Heart disease is commonly considered a modern condition, but that may change thanks to research conducted by a collaborative team composed of imaging experts, Egyptologists and preservationists who have discovered evidence of the disease, which causes heart attacks and strokes, in ancient Egyptian mummies.

Their results, presented at  the American Heart Association's Scientific Sessions 2009, indicate that  atherosclerosis is not only a disease of modern man, but was present and not unusual in humans living 3000 years ago.

Using six-slice computed X-ray tomography (CT) scans, they systematically examined 20 mummies housed in the Museum of Antiquities in Cairo, Egypt to see if heart and blood vessel tissue was present and to learn its condition.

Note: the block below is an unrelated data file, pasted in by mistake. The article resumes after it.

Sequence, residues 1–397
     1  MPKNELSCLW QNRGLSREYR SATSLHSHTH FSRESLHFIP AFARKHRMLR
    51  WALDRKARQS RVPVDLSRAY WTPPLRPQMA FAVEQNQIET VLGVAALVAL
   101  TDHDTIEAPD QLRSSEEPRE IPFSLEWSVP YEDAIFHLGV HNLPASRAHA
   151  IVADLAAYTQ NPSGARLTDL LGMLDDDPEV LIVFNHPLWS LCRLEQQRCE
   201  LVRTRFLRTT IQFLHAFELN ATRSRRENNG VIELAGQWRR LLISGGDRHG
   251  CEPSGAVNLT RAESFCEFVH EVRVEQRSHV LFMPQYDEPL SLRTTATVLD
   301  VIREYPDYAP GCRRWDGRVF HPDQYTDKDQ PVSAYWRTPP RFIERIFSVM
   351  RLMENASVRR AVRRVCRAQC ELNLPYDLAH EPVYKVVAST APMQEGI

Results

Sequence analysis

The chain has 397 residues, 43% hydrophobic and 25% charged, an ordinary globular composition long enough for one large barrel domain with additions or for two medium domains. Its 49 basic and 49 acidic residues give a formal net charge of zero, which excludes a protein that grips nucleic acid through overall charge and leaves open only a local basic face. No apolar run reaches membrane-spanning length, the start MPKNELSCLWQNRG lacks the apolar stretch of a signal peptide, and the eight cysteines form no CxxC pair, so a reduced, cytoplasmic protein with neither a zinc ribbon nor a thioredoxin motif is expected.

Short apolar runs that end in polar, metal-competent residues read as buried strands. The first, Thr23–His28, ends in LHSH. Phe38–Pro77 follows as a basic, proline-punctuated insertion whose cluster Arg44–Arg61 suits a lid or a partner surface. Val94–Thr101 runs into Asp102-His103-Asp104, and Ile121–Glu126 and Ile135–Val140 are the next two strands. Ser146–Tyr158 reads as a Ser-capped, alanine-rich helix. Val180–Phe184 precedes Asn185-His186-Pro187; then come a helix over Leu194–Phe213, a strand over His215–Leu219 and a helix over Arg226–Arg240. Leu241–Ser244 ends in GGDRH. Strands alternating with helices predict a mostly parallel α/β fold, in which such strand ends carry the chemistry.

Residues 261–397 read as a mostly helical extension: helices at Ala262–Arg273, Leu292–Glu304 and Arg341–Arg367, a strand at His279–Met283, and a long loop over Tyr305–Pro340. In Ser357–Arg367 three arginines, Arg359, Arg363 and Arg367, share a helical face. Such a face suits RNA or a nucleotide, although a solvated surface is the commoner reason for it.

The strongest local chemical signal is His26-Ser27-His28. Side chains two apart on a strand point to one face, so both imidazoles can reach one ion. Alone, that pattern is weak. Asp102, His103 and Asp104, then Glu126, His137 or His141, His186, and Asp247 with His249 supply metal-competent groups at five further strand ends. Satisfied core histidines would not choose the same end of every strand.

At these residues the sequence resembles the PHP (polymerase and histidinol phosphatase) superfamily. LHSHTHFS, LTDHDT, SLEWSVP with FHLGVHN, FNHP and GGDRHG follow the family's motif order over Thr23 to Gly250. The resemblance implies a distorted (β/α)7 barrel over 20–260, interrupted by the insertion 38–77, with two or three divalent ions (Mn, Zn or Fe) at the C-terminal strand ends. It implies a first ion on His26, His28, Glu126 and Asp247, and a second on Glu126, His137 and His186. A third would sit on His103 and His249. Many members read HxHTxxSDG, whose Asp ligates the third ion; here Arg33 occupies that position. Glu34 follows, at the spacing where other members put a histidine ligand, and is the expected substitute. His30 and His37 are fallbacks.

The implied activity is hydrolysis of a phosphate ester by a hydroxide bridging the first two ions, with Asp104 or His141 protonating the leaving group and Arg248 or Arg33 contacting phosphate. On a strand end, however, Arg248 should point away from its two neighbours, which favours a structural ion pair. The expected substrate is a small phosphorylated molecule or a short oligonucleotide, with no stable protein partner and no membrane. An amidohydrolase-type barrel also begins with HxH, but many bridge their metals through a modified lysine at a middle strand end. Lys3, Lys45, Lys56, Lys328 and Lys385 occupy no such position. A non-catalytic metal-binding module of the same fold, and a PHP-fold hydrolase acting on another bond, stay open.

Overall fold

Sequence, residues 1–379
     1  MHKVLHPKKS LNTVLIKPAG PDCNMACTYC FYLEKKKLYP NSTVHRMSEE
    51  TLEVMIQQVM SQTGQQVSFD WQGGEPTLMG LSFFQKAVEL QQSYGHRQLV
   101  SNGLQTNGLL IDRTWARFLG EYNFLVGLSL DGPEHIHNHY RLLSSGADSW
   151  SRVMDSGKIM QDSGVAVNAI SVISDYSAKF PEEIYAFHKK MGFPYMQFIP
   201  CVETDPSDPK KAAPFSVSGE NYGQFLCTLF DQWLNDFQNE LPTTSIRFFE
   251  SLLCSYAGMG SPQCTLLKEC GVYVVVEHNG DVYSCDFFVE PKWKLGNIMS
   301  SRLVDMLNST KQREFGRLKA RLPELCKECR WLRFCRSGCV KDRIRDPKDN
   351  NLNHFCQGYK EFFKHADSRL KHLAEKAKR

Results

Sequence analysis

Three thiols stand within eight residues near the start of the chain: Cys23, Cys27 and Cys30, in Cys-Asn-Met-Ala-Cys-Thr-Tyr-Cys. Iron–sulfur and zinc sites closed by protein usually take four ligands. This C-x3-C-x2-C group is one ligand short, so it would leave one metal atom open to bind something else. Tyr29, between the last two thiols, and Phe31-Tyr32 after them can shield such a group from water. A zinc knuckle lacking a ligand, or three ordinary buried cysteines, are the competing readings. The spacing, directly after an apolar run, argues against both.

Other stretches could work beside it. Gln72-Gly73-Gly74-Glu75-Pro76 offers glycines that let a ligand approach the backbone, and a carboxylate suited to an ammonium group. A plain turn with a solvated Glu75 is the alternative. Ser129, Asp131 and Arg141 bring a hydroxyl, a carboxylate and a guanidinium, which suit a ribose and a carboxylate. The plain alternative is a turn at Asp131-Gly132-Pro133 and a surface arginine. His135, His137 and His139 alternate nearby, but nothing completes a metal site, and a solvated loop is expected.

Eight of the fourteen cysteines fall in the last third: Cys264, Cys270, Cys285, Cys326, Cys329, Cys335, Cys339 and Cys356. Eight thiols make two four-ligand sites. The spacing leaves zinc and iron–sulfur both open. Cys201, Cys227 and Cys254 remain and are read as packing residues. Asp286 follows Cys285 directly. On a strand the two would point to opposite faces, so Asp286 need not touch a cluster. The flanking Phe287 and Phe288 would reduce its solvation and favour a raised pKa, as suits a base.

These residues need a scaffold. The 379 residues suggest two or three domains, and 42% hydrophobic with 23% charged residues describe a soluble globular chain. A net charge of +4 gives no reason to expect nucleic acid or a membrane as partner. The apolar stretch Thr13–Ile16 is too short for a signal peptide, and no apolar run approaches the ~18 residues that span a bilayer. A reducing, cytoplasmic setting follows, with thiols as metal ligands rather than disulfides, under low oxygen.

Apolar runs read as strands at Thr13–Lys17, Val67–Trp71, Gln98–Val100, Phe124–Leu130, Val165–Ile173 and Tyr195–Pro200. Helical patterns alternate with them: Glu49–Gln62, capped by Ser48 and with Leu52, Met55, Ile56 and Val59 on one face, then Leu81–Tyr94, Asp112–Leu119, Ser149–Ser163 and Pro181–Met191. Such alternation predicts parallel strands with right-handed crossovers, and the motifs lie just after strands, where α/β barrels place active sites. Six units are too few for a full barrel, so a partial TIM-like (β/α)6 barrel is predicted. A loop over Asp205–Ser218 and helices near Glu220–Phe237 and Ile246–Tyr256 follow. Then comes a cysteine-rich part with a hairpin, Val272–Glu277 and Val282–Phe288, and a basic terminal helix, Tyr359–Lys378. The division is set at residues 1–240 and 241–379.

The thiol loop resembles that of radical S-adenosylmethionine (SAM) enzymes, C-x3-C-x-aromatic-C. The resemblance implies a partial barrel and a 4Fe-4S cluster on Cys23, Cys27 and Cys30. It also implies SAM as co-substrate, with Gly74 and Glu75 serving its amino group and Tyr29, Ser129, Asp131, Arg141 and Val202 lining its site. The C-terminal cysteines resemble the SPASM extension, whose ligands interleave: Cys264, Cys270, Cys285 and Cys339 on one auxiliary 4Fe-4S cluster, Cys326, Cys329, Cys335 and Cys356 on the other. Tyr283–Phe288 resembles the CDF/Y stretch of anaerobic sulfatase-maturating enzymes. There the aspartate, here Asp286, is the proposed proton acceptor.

The mummies dated from 1981 B.C. to 364 A.D.  Social status could be determined for most of them — all were of high social status.  The researchers found evidence of blood vessels or heart tissue in 13 of the mummies, and in four they could see an intact heart.  Definite atherosclerosis, in other words a build-up of fat, cholesterol, calcium and other substances in the inner walls of blood vessels, was present in three and probable atherosclerosis in an additional three. 

Calcification was significantly more common in the mummies estimated to be 45 years or older at the time of death.  Researchers found no difference in calcification between men and women.  The most ancient mummy with findings diagnostic of atherosclerosis died between 1530 and 1570 B.C.